Walter Scott

Walter Scott, Jr. (’97)

2017 Walter Scott, Jr. Award Recipient

Chairman & President
Peter Kiewit Sons, Inc.

Born in Omaha, Nebraska, in 1931, Walter Scott, Jr., was the grandson of Scottish immigrants. Raised during the Great Depression, Scott began working at the age of eight as he shoveled snow for neighbors. When he was older, he worked on farms and ranches during the summer. He attended Colorado A&M (later Colorado State University), where he earned an engineering degree. During his college years, he worked summers for Kiewit, a construction company. Scott worked his way up the ladder from job foreman to superintendent to district manager. At the time, Scott became CEO of Kiewit in 1979, it was principally a construction business with some mining interests. Under Scott’s leadership, Kiewit became one of the leading heavy construction organizations in the nation. In 1998, Peter Kiewit Sons’ (PKS) separated its construction and communication/information services business, thus establishing Level 3 Communications, a subsidiary, as an independent corporation. Scott became chairman emeritus of PKS and continued as chairman of Level 3, operator one of the world’s largest communications and Internet backbones.

Dennis R. Washington (’95)

2024 Walter Scott, Jr. Award Recipient

The Washington Companies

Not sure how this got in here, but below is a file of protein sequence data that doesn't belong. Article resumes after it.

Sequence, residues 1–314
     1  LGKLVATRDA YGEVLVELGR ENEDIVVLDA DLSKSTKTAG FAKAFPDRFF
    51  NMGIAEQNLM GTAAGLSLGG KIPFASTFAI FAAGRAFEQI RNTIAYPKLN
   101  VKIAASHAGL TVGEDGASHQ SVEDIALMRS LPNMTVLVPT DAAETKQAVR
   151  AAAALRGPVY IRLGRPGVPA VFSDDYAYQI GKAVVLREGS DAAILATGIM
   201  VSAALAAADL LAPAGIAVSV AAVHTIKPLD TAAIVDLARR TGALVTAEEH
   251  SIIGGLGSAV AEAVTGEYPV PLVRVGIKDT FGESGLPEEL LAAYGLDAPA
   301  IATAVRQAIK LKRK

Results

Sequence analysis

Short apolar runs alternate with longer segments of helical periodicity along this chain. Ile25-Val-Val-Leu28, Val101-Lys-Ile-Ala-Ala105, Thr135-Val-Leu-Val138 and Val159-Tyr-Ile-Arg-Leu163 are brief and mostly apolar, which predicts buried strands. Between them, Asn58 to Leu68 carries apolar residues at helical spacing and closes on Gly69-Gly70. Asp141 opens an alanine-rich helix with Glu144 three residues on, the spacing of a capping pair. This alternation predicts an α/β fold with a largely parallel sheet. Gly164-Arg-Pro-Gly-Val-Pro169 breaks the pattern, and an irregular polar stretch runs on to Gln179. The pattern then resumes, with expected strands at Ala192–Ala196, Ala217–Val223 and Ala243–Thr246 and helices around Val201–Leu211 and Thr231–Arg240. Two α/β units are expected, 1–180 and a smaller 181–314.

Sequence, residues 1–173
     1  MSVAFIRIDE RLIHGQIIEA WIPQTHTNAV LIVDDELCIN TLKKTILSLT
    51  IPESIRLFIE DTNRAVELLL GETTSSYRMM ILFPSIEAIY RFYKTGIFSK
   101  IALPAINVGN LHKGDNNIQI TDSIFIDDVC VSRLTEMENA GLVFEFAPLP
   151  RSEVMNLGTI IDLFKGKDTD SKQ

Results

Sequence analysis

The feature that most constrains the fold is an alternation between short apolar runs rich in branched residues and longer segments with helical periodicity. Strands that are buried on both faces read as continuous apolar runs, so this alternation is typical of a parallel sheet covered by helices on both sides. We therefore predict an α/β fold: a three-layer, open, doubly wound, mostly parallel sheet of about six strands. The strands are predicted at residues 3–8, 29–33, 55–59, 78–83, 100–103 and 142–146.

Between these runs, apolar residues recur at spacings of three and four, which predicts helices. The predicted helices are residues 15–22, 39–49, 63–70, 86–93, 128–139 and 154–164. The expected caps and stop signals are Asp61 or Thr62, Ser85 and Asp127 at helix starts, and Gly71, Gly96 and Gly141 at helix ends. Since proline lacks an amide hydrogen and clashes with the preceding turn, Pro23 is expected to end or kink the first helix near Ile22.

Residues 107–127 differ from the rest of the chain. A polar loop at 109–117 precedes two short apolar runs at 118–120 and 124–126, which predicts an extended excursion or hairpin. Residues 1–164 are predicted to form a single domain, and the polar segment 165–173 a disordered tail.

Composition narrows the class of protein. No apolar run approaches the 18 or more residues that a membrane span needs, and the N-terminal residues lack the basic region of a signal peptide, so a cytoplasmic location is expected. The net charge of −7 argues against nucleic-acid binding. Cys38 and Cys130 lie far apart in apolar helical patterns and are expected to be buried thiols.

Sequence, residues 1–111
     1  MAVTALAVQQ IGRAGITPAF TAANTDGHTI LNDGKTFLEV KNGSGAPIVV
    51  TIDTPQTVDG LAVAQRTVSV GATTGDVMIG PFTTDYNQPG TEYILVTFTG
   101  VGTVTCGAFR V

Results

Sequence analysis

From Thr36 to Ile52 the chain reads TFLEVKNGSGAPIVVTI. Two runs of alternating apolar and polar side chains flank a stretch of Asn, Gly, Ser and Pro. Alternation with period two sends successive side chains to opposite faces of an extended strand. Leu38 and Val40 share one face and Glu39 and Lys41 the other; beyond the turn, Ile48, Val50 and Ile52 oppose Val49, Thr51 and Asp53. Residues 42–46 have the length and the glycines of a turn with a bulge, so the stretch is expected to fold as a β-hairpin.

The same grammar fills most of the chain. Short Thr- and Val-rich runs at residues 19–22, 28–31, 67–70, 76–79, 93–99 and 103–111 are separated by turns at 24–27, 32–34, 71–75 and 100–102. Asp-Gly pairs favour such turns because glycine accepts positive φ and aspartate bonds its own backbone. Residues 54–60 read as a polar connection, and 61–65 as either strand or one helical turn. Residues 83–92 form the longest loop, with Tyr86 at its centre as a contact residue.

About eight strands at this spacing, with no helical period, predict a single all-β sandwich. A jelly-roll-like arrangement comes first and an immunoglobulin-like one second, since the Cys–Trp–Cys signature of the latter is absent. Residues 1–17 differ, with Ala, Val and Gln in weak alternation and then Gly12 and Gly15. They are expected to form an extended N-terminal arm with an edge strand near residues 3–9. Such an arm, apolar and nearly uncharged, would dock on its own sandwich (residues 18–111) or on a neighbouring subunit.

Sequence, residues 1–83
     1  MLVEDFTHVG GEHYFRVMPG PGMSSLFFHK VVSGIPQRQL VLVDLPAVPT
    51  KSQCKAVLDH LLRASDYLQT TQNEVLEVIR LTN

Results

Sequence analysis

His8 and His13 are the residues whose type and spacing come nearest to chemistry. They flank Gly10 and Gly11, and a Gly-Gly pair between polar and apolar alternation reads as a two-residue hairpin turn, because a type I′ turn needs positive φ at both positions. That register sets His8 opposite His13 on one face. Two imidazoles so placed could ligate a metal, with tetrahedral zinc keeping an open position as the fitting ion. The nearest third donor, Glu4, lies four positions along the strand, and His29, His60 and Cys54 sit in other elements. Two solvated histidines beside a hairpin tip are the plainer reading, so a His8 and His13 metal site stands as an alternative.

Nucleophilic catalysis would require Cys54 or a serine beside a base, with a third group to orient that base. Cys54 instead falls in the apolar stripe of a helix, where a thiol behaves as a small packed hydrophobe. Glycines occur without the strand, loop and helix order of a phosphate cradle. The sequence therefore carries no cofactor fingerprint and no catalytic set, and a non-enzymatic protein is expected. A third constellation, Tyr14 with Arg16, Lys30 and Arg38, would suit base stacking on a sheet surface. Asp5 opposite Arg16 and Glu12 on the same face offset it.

Dennis Washington was born in Spokane, Washington, in 1934. He contracted polio when he was eight, but recovered. After high school, Washington went to Alaska to pursue a job in heavy construction. Two years later, he returned to Montana and worked for his uncle who owned a construction company. By age 26, he was vice president of the largest construction company in Montana. Three years later, Washington went into business for himself and by 1969, he was the largest contractor in Montana; within 10 years, Washington Construction would be listed among the largest in the nation. Washington eventually branched into mining, dam building, railroads, and marine shipping. In 1996, Washington Construction merged with Morrison Knudsen. From that, Washington directed the formation of Washington Group International, acquiring components of Westinghouse and Raytheon to mold one of the largest design/build companies in the United States. His other private businesses, the Washington Companies, soon comprised more than a dozen affiliated companies, including the largest privately owned railroad in the United States and the largest marine transportation company in Canada.

Phyllis J. Washington

2024 Walter Scott, Jr. Award Recipient

Dennis and Phyllis Washington Foundation

Phyllis J. Washington is Chair of the Dennis and Phyllis Washington Foundation. She also serves on the National Board of Young Life, a 65 year old Christian organization for young people, and the National Committee of The John F. Kennedy Center for the Performing Arts, in Washington DC. Phyllis, a native Montanan, received her Bachelor of Arts in Education from the University of Montana in 1964, married Dennis Washington and pursued her teaching profession for 7 years before retiring to raise her sons, Kevin and Kyle. Later she turned her talents as an interior designer and antiquarian into Phyllis Washington Antiques ~ Maison Felice in Palm Desert, California. Phyllis’s philanthropic pursuits began with the University of Montana (“UM”), serving several terms on the UM Foundation Board of Trustees. She received UM’s 1999 Bucklew Presidential Service Award and in 2009, was awarded an Honorary Doctorate of Education. Phyllis was instrumental in the design and construction of the Phyllis J. Washington Education Center at the University. In 2011, the Phyllis J. Washington College of Education and Human Sciences was renamed in her honor.